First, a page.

Saturday, March 26, 2011

Yes, I Advocate A Form Of Anarchism

COLUMN NOTES: For those interested in more detail about this headline, I advocate for the type of anarchism generally known as "free-market anarchism." If you interested, I trust you have the ability to do a google search and begin your own journey into the ideas. Of course if you do want to discuss it with me, I'm happy to do so, just contact me.

HARBESON: It’s a voluntary reaction

I see that Floyd County Republican Party chairman Dave Matthews is upset with me again. Poor Dave, he struggles to understand my viewpoint. He’s not the only one.

Others have struggled to understand why they can agree wholeheartedly with me one week and perhaps the very next week find themselves thinking I must be a wacko (insert label here).

Dave did not like what I had to say in a recent column about State Rep. Steve Stemler, who is rumored to be a Democrat. Or is it Republican? I forget. Oh well, it doesn’t really matter.

Anyway, I’m not sure how often Mr. Matthews disagrees with me but I remember the last time he decided to go public about a disagreement. It was after a 2009 column questioning our country’s worship of Abraham Lincoln, after I learned more about his actions while president.

COLUMN NOTE: I wrote a response to him at that time and am linking to it here because I think this entire series of columns and resulting interactions provides a great demonstration of how many of us get stuck in certain thought processes and entrenched in certain positions without really considering whether it's consistent and makes sense.

And yet in between these two instances, I enjoyed a series of cordial e-mail exchanges with Mr. Matthews, beginning when he e-mailed to congratulate me on another column I wrote about a politician. That one was about Lee Hamilton. He enthusiastically commended me for taking an “honest look” at the guy and for being “brave enough to take on an icon.”

He seemed to understand why I was questioning the actions of Hamilton. He seemed to understand when I pointed out that Hamilton played a part in instituting programs that increased federal government involvement into more areas of our lives. (All that money spent to fix problems and what’s in the headlines today? The same issues: health care and education.)

But what Dave seems to miss is that the underlying theme of all three columns is the same: society’s automatic reverence for politicians who claim to be above the fray and constantly spread the myth of government as a virtuous institution.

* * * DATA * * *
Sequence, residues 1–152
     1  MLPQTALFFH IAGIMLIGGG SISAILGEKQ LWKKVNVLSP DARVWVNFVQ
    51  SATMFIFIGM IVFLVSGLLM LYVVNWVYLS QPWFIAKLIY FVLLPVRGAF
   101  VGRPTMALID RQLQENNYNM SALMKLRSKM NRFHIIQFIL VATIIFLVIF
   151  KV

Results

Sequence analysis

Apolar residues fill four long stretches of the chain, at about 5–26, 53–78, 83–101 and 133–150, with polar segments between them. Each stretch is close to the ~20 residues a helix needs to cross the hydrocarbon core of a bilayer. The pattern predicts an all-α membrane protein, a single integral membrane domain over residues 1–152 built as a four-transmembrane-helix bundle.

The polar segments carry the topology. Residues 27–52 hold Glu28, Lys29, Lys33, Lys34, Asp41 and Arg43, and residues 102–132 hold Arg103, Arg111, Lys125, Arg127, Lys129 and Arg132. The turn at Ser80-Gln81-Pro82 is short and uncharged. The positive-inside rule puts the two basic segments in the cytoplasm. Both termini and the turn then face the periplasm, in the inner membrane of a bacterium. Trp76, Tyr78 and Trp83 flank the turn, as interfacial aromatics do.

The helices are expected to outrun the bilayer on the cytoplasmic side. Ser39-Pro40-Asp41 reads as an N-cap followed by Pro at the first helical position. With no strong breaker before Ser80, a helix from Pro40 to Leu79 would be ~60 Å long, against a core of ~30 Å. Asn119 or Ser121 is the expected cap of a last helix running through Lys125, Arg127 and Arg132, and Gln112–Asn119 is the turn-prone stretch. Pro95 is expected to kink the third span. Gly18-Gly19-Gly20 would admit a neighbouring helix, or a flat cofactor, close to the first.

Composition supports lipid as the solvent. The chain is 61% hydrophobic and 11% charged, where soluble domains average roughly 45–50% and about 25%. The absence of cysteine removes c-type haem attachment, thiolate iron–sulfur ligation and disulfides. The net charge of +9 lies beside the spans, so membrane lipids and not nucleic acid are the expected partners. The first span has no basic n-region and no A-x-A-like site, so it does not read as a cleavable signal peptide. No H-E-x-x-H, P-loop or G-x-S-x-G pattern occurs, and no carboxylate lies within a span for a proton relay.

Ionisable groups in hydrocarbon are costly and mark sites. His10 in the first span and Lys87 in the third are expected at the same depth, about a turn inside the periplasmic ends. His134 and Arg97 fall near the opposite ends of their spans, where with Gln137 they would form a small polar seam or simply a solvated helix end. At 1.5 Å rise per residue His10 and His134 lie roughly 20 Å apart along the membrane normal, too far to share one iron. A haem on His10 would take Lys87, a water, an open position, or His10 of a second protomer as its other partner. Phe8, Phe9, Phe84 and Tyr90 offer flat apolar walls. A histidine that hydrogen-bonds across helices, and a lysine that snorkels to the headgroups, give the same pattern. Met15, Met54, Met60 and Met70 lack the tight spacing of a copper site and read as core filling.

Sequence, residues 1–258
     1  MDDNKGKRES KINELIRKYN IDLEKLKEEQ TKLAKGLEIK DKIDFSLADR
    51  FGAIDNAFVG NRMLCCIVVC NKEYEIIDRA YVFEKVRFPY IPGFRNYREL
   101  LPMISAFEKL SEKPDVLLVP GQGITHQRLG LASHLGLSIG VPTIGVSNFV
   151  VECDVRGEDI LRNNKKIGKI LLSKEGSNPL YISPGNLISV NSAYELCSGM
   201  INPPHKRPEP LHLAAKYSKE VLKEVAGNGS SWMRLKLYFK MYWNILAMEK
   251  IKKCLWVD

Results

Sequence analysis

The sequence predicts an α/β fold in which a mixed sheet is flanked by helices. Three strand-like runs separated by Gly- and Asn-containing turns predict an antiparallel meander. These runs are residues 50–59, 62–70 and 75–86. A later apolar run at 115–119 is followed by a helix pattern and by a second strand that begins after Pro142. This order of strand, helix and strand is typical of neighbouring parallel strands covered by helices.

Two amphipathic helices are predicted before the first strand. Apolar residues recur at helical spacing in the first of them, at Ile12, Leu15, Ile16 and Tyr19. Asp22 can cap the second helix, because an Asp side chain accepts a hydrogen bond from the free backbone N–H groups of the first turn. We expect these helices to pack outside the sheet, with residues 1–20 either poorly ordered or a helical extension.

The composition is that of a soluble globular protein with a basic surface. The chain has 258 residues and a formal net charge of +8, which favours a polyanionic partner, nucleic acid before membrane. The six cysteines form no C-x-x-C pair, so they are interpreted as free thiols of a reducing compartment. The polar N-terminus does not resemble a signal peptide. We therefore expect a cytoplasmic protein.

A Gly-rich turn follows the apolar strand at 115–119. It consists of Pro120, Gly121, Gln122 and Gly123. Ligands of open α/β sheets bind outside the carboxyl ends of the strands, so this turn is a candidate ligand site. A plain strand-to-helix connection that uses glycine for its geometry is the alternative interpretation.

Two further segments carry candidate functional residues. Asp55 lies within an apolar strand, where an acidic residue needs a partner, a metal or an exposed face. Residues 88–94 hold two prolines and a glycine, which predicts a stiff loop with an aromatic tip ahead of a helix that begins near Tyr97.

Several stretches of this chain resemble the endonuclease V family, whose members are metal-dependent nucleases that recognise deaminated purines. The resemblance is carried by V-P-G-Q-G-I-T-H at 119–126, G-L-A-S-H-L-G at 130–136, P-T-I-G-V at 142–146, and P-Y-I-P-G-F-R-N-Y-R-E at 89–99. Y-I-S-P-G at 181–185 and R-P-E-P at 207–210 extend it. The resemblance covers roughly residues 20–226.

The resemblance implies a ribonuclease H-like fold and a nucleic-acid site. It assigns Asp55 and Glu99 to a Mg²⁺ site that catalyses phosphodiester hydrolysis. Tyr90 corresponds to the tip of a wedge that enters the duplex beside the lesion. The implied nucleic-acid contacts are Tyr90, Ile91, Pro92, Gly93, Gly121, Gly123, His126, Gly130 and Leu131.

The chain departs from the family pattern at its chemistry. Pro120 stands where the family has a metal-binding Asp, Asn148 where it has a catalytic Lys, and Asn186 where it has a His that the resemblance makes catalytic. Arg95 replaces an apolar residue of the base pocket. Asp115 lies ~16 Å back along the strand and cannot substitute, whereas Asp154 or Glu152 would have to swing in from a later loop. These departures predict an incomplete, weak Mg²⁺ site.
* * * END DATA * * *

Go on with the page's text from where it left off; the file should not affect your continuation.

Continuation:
I realized during our e-mail conversation that he is also confused because he thinks my ultimate goal is smaller government (whatever that means). It’s not.

My goal is a society completely absent of the aggressive institution we call government. My goal is a society of voluntary interactions. Yes, that means I advocate a form of anarchism.

I didn’t always think this way of course. It’s a result of taking a serious look at what I claimed to value. I accept the nonaggression principle and once I decided to apply it consistently, I realized that if it’s not proper for me, as an individual, to initiate force on other individuals then it’s not proper to do it using an institution called government.

So, I must reject government because I reject the initiation of force on peaceful people. I have concluded that voluntary interaction is the only social order matching my values. This means I can’t hold reverence for government, an institution whose very foundation rests on aggression.

I hope Dave understands that this goal cannot be accomplished through politics. Politics is counter to the goal. I know he’s put a lot of time and energy into government as the answer, so I understand he may not be willing or able to accept what I accept.

But still, I have good news for Dave. Even if he doesn’t accept the principle and reach the conclusions I have, I’m not going to try and force him to do so.

Dave has chosen who he will voluntarily associate with by deciding not to read any more of my columns. I fully support him in his decision because freedom of association is one of the very tenets of voluntaryism.

For everyone else, you can follow Dave’s lead and stop reading, or you can continue to read, ponder and critically examine the points I make.

— Sellersburg resident Debbie Harbeson is starting to enjoy being referred to as that wacko “insert label here.”

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